Notes from the Pepperdine Bible Lectures – part two of Tim Spivey’s class on church revitalization/renewal.
“All We Are Meant to Be: Reviving and Sustaining Growing and Healthy Churches” pt. 2 by Tim Spivey
- Begins by reviewing the principles from the first class.
- Key to remember: “Decisions must be made from principle, not pain!” Too many church leaders base decisions on an avoidance of pain instead of solid principles.
- “Do not structure your church to be the same size it is.” Churches should be structured as if they’re three times the size they are.
- Idea for churches whose facilities are currently at 60-70% capacity on Sunday morning: switch to two services – one at 9am and another at 10:30am with Bible classes running simultaneously during each. Get members to serve in a class at one time and attend the worship service at the other.
- Simplify your church’s schedule! Focus on making your Sunday morning assembly the best it can be, have excellent small groups that meet Sunday evenings, and excellent mid-week meetings on Wednesday nights. Simplifying makes you leaner and meaner. Focus on doing just a few things, but do them very well. Shoot for excellence, not “good enough.”
- Sunday mornings must be consistently vibrant and meaningful. If you’re not consistent – if your meetings are only meaningful every once and a while – members will not bring their friends.
- What’s really going on in the minds of your members: “I want to bring my friends, but I don’t want the assembly to embarrass me.” Church leaders must organize assemblies members can be proud of – not embarrassed by.
Practical steps to having consistently vibrant/meaningful assemblies:
- 1) Plan! Put the time in on the front end. Do not throw assemblies together at the last minute. Know what songs you’re going to sing ahead of time, practice them.
- 2) Be on time! Create a culture of expectation that says, “What we’re doing here matters.” On time for staff = well before the assemblies are scheduled to begin (like an hour or two). Get the janitor to turn every light in the building on early.
- No staff shows up later than a volunteer. If you want your volunteers to give it their best, leadership must go the extra mile and serve as models for everyone else.
- Tim shows up at 5:30AM on Sunday mornings at his church. The first assembly isn’t until several hours later. Sunday is the longest work day of the week for him, and the most important.
- You’ve heard the old saying, “Cleanliness is next to godliness.” In church leadership as it pertains to Sunday assemblies, “Earliness is next to godliness.”
- 3) Take care of your volunteers! Create a culture of encouragement. Tim writes at least one thank you card per week to someone serving the church. He makes it a point to go from classroom to classroom thanking all the volunteers.
- Principle to remember: “Volunteers are more important than the people they serve!” If you treat volunteers poorly, everyone else suffers. Take care of your volunteers – they make up the backbone of your church!
- Sideways energy describes what’s created when some church programs/assemblies work against others. For instance, at Tim’s church, the youth group met on Sundays, Tuesday nights, and Wednesday nights. The Tuesday night meeting was student led and just for the youth group, while the Wednesday night meeting was the normal youth group class that met while the rest of the church was together for mid-week assembly. They found that the Tuesday night meeting was working against the Wednesday night meeting because families didn’t have the time to do both. Tuesdays were valuable because they were student led, and Wednesdays were valuable because the youth were together with the rest of the church. Solution: eliminate the Tuesday meeting, and make the Wednesday meeting student-led. This eliminated the sideways energy.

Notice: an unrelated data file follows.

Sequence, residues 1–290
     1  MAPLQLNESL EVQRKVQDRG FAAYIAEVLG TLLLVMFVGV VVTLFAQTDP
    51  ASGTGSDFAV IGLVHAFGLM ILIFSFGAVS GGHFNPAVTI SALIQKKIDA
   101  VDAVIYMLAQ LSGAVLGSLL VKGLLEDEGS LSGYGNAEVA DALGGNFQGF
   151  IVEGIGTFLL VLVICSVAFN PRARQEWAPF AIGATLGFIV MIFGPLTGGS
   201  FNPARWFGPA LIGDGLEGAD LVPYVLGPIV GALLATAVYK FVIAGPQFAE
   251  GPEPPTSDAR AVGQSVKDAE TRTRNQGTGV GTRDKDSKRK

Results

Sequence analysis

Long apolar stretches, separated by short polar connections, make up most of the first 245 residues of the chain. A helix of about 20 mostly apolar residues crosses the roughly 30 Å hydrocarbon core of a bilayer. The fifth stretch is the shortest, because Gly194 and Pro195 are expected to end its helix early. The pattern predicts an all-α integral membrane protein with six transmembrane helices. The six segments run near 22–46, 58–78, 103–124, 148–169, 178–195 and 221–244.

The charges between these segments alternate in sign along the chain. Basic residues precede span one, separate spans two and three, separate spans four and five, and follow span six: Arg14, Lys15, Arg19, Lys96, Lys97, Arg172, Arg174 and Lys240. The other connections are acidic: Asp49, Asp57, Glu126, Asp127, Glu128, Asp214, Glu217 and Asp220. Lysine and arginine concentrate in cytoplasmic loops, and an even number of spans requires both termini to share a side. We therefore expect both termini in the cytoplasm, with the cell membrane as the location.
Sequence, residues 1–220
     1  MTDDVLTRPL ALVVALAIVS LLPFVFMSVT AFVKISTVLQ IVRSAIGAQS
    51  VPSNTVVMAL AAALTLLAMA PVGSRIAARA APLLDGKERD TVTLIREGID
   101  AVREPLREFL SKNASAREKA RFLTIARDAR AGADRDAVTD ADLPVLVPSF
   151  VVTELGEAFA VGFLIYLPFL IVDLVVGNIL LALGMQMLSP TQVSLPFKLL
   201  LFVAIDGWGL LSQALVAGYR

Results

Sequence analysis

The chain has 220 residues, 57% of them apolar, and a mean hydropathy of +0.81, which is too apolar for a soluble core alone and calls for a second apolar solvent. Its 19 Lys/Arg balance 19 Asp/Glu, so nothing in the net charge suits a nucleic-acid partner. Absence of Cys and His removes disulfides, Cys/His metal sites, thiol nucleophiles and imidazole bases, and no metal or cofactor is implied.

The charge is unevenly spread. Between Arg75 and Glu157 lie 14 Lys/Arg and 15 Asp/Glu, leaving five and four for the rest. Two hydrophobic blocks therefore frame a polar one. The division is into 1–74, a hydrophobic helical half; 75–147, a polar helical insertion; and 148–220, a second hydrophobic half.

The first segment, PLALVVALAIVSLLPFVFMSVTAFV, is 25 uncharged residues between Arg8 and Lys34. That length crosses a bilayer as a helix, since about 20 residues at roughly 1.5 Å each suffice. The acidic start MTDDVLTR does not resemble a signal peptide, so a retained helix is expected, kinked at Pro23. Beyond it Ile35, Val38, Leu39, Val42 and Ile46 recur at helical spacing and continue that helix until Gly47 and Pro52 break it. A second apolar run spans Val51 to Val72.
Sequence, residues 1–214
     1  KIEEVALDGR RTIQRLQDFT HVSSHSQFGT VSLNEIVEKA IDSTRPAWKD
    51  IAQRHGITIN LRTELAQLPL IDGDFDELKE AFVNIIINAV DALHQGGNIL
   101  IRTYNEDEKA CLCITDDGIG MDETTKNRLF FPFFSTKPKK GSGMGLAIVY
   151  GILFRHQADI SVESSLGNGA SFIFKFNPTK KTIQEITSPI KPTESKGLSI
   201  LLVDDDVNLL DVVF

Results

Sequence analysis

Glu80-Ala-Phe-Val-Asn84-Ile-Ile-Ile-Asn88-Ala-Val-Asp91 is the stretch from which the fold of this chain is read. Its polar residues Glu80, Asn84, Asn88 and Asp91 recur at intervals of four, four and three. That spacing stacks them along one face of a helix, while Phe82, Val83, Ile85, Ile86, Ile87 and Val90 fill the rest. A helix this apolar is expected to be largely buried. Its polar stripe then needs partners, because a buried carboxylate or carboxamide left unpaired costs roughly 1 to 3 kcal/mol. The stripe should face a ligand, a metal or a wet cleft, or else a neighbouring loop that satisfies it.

- If there’s a program or assembly that causes sideways energy to occur, look for a way to make that go away. The solution likely involves eliminating something or combining it with something else.
Big Idea Teaching Method
- Most churches send too many messages at once. There’s a topic for Bible class, another topic for the sermon, another for small groups, and another for Wednesday nights. It would be better if teaching were focused on a single lesson presented in different ways so people can really internalize it.
- Tim’s church did a series on the topic of rest. All the kids that morning showed up in their pajamas. All the Bible classes, small groups, sermon – everything was on the topic of rest during that series. The kids all got little plants in their classes with instructions on caring for it (give it sunlight, water, care) to illustrate the principle everything else centered around. Entire families got the lesson together – this is “Big Idea” teaching.
- Tim did another series called, “Old School: Messages from God.” They designed a set for the stage that had lots of memorabilia from school, Tim told stories about his schooling experience as a child. Topics on things like, lunch money (what the Bible has to say about finances), dealing with bullies, etc. Everything from the childrens’ classes to the church bulletin was built around this theme.
- With Big Idea teaching, all the messages a church is sending/lessons they’re teaching center around the Sunday morning sermon. This is a great way to help people learn effectively.
- Big Idea = everyone works together.
- Books to check out on this subject: The Big Idea: Aligning the Ministries of Your Church through Creative Collaboration by Dave Furgeson along with Sticky Church and Sticky Teams: Keeping Your Leadership and Church Staff on the Same Page by Larry Osbourne.
If you’re interested in ordering audio or video recordings from the 2010 Pepperdine Bible Lectures, go here.
You might also be interested in checking out Tim’s reflection on his time at the 2010 Pepperdine Bible Lectures here.